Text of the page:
Review by Mike Gleason
Fulltrui: Patrons in Asatru by Mist © 2011 Megalithica Books
This is one of those books whose appeal will be severely limited, unfortunately. Its primary appeal will be to Asatruar, and not even all of them, as there are individuals who do not accept the idea of patrons within the cultural context. In fact there are those who deny the personal, physical existence of deity.
The concept of patrons used to be common within the Wiccan community (and still is in some segments), but it has fallen out of favor as the eclectic movement has gained ascendancy. Many eclectics seem to view the idea of patrons as giving away the power of the individual, and that is anathema to a great many people.
Mist spends a goodly amount of time introducing the concept of patrons; explaining the various aspects involved (the individual choosing or the deity/being doing the choosing being the most important in my opinion). Everything she says about the generalities involved applies to every neo-Pagan religion which has a worshipful orientation, and that SHOULD make this book more appealing to a larger potential readership. So I say, here-and-now, even if you are not interested in the Asatru faith, you will really find a reading of this book to be beneficial.
There are a number of concepts which do not resonate for me, but I discovered a long time ago that (unlikely as it may seem to me) others may have differing yet equally valid points-of-view, therefore I accept the fact that disagreement is a fact of life, and not worth losing sleep over. Mist presents Asatru as a living, evolving religion, with an emphasis on experience and inspiration as primary sources, while acknowledging that there is little information contained within the historical record. Some might see this as a disadvantage, but in reality human nature is constantly evolving so our religions (being one part of of our own existence) should also be expected to evolve.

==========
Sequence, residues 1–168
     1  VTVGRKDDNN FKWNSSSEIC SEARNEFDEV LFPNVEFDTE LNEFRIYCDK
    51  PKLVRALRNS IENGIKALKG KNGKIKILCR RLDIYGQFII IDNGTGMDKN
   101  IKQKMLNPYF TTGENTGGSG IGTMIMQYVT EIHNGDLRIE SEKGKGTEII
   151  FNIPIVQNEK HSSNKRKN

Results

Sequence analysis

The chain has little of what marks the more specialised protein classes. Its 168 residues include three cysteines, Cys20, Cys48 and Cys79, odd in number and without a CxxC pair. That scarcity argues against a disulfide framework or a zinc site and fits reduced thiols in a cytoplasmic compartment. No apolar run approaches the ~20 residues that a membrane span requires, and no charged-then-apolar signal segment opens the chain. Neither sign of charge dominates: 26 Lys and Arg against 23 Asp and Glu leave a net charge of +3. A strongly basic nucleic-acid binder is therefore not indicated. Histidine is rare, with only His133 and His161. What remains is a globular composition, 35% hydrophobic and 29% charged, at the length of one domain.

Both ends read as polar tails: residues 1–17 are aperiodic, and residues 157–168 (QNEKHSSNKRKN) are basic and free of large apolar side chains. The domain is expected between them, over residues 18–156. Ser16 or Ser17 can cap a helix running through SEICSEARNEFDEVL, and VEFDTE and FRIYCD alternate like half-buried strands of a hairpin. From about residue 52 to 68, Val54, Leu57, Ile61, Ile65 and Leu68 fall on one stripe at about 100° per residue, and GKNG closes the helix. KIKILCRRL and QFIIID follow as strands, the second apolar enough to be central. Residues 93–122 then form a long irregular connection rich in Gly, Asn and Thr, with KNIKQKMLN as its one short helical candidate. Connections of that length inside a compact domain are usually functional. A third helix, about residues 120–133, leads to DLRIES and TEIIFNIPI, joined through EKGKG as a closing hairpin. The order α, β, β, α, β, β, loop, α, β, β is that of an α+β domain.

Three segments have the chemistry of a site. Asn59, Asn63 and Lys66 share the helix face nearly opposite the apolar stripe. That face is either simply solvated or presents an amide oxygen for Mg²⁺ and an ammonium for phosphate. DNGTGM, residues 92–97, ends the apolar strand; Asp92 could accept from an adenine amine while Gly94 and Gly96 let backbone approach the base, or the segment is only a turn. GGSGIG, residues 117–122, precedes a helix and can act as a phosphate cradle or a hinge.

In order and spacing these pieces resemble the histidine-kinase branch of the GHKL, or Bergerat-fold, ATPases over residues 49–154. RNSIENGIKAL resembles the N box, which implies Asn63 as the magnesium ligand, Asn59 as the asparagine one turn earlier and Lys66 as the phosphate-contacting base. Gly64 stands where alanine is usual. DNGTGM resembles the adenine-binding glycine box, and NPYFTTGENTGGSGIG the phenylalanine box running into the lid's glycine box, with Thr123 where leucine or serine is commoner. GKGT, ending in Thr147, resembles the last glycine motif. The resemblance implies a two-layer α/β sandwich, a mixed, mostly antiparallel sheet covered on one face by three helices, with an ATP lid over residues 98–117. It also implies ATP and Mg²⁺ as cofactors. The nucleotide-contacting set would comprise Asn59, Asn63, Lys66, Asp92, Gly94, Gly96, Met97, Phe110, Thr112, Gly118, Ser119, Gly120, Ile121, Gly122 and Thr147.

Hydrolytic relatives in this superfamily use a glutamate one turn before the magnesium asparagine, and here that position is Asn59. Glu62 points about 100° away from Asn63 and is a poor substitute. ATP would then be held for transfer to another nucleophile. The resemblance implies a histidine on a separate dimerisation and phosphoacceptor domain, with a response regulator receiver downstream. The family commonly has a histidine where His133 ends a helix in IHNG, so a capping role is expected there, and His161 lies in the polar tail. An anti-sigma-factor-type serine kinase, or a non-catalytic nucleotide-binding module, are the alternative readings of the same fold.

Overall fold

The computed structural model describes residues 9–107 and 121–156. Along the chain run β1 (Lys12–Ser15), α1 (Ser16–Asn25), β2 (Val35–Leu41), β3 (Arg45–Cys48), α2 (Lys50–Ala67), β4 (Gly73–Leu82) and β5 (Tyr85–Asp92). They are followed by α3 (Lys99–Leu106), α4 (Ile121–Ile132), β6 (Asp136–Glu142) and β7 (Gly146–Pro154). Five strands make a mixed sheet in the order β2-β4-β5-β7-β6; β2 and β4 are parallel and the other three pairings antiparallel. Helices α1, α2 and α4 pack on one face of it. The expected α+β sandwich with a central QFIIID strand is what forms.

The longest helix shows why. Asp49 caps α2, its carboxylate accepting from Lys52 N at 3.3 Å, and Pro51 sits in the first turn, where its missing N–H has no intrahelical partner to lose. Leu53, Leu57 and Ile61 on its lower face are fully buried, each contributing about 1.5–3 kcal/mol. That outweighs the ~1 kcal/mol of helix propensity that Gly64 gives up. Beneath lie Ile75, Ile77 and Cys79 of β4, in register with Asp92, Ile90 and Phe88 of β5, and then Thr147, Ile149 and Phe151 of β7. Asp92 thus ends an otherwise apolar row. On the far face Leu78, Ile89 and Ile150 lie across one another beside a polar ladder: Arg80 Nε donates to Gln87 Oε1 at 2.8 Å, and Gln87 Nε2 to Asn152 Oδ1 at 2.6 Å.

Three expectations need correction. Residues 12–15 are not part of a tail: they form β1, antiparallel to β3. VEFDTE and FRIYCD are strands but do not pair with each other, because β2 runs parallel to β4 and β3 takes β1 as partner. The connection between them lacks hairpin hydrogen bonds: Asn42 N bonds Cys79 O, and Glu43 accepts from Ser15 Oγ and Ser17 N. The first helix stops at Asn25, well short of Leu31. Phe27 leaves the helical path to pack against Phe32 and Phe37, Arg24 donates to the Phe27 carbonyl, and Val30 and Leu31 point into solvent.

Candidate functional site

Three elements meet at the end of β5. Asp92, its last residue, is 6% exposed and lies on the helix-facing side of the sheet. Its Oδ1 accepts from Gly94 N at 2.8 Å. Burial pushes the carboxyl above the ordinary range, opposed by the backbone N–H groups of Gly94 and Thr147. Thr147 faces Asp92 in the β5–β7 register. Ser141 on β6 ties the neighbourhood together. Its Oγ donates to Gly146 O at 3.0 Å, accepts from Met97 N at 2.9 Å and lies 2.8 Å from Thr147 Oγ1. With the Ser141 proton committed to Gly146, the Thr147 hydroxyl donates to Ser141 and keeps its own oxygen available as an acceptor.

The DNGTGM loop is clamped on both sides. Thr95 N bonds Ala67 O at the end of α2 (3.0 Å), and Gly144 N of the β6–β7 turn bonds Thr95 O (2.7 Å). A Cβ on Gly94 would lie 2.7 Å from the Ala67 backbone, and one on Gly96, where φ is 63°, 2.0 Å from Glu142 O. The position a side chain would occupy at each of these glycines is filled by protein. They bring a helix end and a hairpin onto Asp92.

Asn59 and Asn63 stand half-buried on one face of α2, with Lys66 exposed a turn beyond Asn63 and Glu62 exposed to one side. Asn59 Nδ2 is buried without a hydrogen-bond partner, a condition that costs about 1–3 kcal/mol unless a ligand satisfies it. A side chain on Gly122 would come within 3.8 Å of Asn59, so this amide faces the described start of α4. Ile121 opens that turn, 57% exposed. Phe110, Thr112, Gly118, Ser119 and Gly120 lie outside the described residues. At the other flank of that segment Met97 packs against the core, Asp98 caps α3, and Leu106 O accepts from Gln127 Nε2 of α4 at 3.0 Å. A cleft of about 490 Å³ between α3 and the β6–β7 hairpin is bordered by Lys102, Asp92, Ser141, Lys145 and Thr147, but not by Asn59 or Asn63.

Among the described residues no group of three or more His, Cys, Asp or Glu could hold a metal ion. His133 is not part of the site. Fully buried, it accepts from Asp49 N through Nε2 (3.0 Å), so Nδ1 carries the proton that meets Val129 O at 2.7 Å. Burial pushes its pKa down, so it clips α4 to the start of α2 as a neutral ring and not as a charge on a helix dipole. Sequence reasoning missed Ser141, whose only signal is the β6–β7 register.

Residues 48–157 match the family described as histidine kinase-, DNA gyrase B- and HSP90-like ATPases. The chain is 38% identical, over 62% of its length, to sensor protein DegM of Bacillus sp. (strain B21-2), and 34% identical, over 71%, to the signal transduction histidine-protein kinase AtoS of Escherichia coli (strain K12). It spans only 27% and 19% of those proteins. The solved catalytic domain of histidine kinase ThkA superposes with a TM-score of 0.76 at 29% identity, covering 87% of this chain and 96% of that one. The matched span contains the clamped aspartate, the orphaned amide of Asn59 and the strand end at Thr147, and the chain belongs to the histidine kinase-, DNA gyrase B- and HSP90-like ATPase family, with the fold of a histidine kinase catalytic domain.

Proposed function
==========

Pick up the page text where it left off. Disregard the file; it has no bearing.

UPG (Unverified Personal Gnosis) and PCPG (Peer-Corrorborated Personal Gnosis) are simply “new” names for what used to be termed “Divine Inspiration” (think “Prophets” of the Old Testament, or the Epistles of the New Testament for those of you from Christian background). They are, ultimately, the sources upon which much of Asatru is built. While they may be disagreed with, they cannot be refuted since each individual has their own perception (what is slate grey to one person may be charcoal to another).
I am sure that there are large numbers of readers who will dismiss Mist’s descriptions of the Nine Worlds, the various halls within them, and even the gods as either mere flights of fancy or as delusions. They are entitled to their own beliefs, and there is no way to objectively prove them wrong; subjectively is another matter entirely. Although I am not a follower of her system, I have done enough journeying through other levels of reality to recognize truth when I encounter it. And, although I haven’t encountered as of the Aesir or Vanir in my journeys, I have encountered enough deities to recognize the validity of her suggestions regarding how to relate to them.
When referring to the Vanir, Mist mentions that they previously required large numbers of animal sacrifices, but now seem to be heading in a “greener” direction. This is one area where I have to question whether it is the Vanir deciding to make this change or their followers. To be honest, most modern inhabitants of the Western world are not terribly comfortable with the concept of personally killing animals. Buying meat at a store is one thing, but butchering an animal is (to many folks) both disgusting and just plain hard work. Being semi-familiar with the rituals of the Santeria, and having attended the preparations for several Asientos, I can understand people’s reluctance. Still, if your deity is accustomed to being given offerings of beef and you try to convince him/her to accept a basket of wheat or vegetables in its place, I would not be surprised if you suffered some form of consequence as a result of your desire not to get blood on your hands. If the idea makes you uncomfortable or queasy, perhaps you need to be looking for a different pantheon.